There’s no direct link to the post itself, but right now it’s the top post at the Palm Developer Network blog.
What’s most interesting is this confirmation of rumor and revelation:
The core OS is based on a version of the Linux 2.6 kernel with the standard driver architecture managed by udev, with a proprietary boot loader. It supports an ext3 filesystem for the internal (private) file partitions and fat32 for the media file partition, which can be externally mounted via USB for transferring media files to and from the device.
So there are two file partitions? For some reason, that makes me itchy. It brings back visions of classic PalmOS — especially the flavor on my LifeDrive, where, surprise!, there are two file partitions. The apps can reside in any partition, but media (.jpg, .mp3, .avi) can only reside in certain ones.
And the kernel of Linux 2.6? According to the Linux Kernel Archives, 126.96.36.199 is the latest stable release. So, it seems the heart of the Pre is in the modern era.
Then there’s this bit:
The media server is based upon gstreamer and includes support for numerous audio and video codecs, all mainstream image formats, and supports image capture through the built-in camera. Video and audio capture is not supported in the initial webOS products, but is inherently supported by the architecture. Video and audio playback supports both file and stream-based playback.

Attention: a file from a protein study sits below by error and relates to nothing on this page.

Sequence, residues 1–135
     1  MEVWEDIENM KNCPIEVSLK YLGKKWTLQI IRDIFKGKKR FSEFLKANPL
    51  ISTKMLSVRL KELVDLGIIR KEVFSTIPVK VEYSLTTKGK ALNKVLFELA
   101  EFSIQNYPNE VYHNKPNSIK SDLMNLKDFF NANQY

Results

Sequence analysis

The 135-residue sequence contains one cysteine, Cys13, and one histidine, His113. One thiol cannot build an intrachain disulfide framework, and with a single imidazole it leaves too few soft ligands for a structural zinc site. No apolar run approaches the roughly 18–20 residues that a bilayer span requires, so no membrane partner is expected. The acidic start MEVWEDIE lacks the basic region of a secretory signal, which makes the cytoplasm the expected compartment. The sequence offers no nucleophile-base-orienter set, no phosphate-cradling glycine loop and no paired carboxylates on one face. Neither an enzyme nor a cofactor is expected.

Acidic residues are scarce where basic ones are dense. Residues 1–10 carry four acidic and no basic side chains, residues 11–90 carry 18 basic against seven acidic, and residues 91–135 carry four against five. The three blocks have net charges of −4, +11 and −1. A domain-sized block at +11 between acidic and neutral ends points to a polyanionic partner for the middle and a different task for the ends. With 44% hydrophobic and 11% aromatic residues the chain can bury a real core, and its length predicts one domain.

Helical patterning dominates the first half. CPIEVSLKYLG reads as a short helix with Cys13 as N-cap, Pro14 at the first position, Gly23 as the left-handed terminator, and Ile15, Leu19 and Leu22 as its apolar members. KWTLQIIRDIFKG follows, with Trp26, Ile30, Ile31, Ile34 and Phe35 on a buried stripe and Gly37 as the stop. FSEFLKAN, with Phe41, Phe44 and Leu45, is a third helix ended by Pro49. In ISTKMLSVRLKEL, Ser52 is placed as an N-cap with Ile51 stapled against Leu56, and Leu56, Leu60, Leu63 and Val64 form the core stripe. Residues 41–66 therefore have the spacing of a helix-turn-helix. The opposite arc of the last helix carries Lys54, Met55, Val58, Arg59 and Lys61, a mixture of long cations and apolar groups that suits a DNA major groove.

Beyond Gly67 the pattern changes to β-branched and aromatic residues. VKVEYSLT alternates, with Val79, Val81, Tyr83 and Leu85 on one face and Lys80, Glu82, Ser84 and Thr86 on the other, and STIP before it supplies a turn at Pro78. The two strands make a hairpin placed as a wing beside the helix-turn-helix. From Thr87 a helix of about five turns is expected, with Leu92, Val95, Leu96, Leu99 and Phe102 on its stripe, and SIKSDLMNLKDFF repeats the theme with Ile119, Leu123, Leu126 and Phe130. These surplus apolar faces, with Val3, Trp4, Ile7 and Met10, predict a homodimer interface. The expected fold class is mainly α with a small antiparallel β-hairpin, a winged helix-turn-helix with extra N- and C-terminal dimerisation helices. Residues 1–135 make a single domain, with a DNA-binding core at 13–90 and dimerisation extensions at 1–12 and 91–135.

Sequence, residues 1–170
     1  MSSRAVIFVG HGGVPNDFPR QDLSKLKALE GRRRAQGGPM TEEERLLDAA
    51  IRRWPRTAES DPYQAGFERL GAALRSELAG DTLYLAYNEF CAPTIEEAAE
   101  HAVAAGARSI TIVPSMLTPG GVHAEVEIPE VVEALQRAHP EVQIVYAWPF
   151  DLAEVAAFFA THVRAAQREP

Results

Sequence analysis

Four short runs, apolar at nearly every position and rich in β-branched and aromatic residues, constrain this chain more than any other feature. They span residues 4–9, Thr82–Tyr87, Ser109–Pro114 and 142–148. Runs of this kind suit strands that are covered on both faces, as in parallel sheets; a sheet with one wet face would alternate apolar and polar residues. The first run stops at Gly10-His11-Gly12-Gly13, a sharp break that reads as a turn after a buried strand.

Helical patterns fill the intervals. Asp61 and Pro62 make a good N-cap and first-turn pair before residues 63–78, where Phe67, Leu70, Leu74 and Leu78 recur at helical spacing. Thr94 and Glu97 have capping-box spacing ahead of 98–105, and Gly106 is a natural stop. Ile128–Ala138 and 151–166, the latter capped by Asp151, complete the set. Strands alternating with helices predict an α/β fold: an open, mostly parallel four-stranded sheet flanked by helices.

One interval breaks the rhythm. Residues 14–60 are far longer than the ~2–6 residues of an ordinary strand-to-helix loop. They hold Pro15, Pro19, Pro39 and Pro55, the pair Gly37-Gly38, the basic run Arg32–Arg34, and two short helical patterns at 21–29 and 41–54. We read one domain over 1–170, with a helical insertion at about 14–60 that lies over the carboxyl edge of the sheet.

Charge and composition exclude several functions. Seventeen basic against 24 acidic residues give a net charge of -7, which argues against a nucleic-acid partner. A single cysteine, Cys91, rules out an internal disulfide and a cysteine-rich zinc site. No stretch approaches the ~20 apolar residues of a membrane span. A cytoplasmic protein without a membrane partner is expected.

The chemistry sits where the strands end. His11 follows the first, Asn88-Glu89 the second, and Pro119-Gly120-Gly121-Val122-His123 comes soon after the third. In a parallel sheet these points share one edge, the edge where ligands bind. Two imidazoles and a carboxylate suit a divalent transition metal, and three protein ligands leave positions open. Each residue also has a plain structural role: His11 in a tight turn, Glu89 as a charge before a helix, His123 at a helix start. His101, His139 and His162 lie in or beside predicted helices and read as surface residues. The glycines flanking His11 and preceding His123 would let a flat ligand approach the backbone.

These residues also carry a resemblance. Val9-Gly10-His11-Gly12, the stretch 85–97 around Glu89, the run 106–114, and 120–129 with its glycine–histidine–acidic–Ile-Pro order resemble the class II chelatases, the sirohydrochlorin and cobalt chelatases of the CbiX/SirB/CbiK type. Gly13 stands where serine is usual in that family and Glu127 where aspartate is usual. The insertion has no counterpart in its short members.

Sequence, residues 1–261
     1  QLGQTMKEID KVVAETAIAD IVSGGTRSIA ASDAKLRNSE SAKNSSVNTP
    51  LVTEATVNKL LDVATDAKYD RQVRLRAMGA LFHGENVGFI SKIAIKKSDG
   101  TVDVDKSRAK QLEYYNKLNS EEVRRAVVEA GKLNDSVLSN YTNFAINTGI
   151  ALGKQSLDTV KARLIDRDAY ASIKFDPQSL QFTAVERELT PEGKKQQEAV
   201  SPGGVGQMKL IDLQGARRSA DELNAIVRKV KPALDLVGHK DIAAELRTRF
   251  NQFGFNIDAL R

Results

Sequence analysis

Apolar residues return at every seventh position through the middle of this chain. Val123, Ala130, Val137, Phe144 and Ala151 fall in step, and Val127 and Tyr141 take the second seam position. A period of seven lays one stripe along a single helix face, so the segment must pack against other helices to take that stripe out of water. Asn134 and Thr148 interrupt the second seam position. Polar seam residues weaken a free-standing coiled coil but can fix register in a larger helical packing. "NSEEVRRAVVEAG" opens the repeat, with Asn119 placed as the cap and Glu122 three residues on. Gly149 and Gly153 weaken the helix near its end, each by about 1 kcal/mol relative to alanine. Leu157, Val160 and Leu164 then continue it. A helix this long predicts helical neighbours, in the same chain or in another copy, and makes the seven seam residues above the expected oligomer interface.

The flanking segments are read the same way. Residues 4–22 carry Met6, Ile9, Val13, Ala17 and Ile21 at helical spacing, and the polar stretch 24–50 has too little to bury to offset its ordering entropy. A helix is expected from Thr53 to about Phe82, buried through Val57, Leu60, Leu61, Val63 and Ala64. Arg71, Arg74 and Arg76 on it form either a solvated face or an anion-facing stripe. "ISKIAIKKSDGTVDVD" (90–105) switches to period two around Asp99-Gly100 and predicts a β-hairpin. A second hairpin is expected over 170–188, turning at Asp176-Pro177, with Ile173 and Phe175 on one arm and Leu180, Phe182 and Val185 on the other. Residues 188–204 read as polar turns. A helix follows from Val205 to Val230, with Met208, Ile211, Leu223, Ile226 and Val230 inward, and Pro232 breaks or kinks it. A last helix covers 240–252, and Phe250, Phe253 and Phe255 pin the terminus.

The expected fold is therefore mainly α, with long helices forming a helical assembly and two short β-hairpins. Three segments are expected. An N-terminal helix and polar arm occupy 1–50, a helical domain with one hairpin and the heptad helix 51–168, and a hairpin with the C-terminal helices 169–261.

Bold emphasis added by me.
The author of this book is Palm’s own Vice President and Software Chief Technology Officer, which makes me wonder if the claim that “video and audio capture is not supported in the initial webOS products” is rather slanted and should actually be, “video and audio capture is not supplied by Palm itself in the initial webOS products.” Given that the hardware is capable of both, I see no reason why a third-party couldn’t supply them, unless doing so would rely on low-level APIs Palm isn’t (yet) willing to distribute. Let’s remember that the iPhone out-of-the-box can’t do video recording, but that didn’t stop a developer from providing a hack.
Finally, let’s chew on these:
Palm webOS is designed to run on a variety of hardware with different screen sizes, resolutions and orientations, with or without keyboards and works best with a touchpanel though doesn’t require one.
Different resolutions? In what way is that meant? Are all stable screen elements — such as icons and UI gadgetry — based on dynamically-rescalable outline graphics and not bitmaps?
Because the user interface and application model are built around a web browser, the range of suitable hardware platforms is quite wide, requiring only a CPU, some memory, a wireless data connection, a display, and a means for interacting with the UI and entering text.
Bold emphasis added by me.
That’s confusing. It makes it sound as if everything is running in a browser. Is it?
It’s way too early to tell — at least for a non-coder eejit like me — if we’re going to see any confirmation of the architectural speculations David Beers made, quoted in a previous post: The Heart (And Tentacles) Of The Pre?
Even in the first chapter, it’s clear this book isn’t intended to be Palm Pre Development for Dummies. It presupposes some prior knowledge, such as that of both DOM and MVC. I’m sure those already in the know will find it very helpful.